Ginger (adrak)

 It is a very popular spice used in Indian and Chinese cooking It takes its name from the Sanskrit word stringa-vera, which means “with a body like a horn”, as in antlers. It has a tan skin and a flesh that ranges in color from pale greenish yellow to ivory. The flavor is peppery and slightly sweet, while the aroma is pungent and spicy. If you feel a cold coming on a fresh piece of ginger in a hot cup of Indian tea usually does the trick. It is easiest to cook with, once peeled and grated. The length of the root indicates maturity, and the longer it is, the hotter and more fibrous it will be. Ginger makes a tasty paste, especially if mixed with garlic.

Ginger– Names in different Indian Languages.

Hindi–  Adrak  , Bengal –  Aada, Gujrati – Adu , Punjabi –  Adrak

Tamil -     Ingi,  Urdu –    Adrak

Nutritional information

100g of Ginger contains the following nutritional information according to the USDA

  • Calories : 80
  • Fat: 0.75
  • Carbohydrates: 17.77
  • Fibers: 2
  • Protein: 1.82
  • Cholesterol: 0


Culinary Uses

In India and Pakistan ginger is called adrak. It is used in pickles, chutneys and curry pastes and the ground dried root is a constituent of many curry powders. Tender young ginger can be sliced and eaten as a salad. Sometimes the roots will produce green sprouts which can be finely chopped and added to a green salad. Fresh, as well as dried, ginger is used to spice tea and coffee, especially in winter. Ginger powder is also used in certain food preparations, particularly for pregnant or nursing women, the most popular one being katlu which is a mixture of gum resin, ghee, nuts, and sugar. Ginger is also consumed in candied and pickled form.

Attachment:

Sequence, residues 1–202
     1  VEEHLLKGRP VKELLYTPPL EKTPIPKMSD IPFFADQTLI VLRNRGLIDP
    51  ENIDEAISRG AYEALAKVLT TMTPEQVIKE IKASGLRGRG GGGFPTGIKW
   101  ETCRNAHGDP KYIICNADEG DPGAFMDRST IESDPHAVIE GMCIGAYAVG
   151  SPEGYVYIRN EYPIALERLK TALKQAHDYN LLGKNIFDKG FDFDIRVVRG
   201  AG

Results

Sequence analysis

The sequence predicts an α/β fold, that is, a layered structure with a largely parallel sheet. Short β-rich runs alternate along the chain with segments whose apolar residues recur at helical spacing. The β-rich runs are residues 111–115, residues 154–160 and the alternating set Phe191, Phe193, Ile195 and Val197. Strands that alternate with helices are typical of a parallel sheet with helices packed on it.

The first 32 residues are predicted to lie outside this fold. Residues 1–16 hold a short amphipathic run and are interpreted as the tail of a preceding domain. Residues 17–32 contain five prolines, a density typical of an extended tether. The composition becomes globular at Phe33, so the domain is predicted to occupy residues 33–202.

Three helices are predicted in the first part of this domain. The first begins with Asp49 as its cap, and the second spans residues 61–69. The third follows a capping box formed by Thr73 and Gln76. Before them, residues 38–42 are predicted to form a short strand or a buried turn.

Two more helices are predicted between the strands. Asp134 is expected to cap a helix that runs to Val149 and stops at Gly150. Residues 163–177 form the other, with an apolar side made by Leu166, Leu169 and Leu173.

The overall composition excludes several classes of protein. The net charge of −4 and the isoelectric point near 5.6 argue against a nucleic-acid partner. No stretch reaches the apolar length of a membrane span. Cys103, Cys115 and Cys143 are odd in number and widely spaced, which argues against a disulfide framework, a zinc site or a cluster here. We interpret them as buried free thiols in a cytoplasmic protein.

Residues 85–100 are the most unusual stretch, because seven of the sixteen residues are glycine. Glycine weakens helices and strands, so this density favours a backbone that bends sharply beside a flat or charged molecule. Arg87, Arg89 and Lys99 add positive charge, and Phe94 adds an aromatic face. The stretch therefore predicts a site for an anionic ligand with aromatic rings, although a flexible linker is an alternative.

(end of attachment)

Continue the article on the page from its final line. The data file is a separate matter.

In Bangladesh, ginger is finely chopped or ground into a paste to use as a base for chicken and meat dishes alongside shallot and garlic.

In Burma, ginger is called gyin. It is widely used in cooking and as a main ingredient in  traditional medicine.It is also consumed as a salad dish called gyin-thot, which consists of shredded ginger preserved in oil, and a variety of nuts and seeds.

In Indonesia, a beverage called wedang jahe is made from ginger and palm sugar. Indonesians also use ground ginger root, called jahe, as a common ingredient in local recipes.

In Malasiya, ginger is called halia and used in many kinds of dishes, especially a soup.

In the Phillipines it is brewed into a tea called salabat.


Fresh unpeeled ginger root, tightly wrapped, can be refrigerated for up to 3 weeks and frozen for up to 6 months. .


Ginger has a strong taste and  smell therefore if used in excess it can make the recipe bitter In Typical Indian curry for example it is used with garlic in 1:3 proportion  that is one part Ginger and 3  parts of Garlic. Please do not use dried ground ginger for dishes specifying fresh ginger as the flavors differ greatly.